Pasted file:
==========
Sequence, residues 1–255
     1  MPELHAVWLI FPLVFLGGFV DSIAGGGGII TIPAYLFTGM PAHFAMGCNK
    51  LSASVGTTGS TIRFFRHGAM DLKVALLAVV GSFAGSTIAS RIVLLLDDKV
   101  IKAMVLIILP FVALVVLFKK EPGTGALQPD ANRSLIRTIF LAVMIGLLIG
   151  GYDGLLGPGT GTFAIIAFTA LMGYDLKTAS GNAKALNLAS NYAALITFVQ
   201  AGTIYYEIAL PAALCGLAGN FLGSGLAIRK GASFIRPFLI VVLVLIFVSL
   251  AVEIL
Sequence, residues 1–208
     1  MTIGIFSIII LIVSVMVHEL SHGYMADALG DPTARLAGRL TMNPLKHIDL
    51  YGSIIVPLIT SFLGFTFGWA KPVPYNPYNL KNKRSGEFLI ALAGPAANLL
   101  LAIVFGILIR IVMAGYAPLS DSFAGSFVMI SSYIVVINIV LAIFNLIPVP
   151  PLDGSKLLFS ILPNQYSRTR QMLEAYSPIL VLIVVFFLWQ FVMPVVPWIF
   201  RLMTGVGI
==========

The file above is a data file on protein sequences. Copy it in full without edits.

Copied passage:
Sequence, residues 1–255
     1  MPELHAVWLI FPLVFLGGFV DSIAGGGGII TIPAYLFTGM PAHFAMGCNK
    51  LSASVGTTGS TIRFFRHGAM DLKVALLAVV GSFAGSTIAS RIVLLLDDKV
   101  IKAMVLIILP FVALVVLFKK EPGTGALQPD ANRSLIRTIF LAVMIGLLIG
   151  GYDGLLGPGT GTFAIIAFTA LMGYDLKTAS GNAKALNLAS NYAALITFVQ
   201  AGTIYYEIAL PAALCGLAGN FLGSGLAIRK GASFIRPFLI VVLVLIFVSL
   251  AVEIL
Sequence, residues 1–208
     1  MTIGIFSIII LIVSVMVHEL SHGYMADALG DPTARLAGRL TMNPLKHIDL
    51  YGSIIVPLIT SFLGFTFGWA KPVPYNPYNL KNKRSGEFLI ALAGPAANLL
   101  LAIVFGILIR IVMAGYAPLS DSFAGSFVMI SSYIVVINIV LAIFNLIPVP
   151  PLDGSKLLFS ILPNQYSRTR QMLEAYSPIL VLIVVFFLWQ FVMPVVPWIF
   201  RLMTGVGI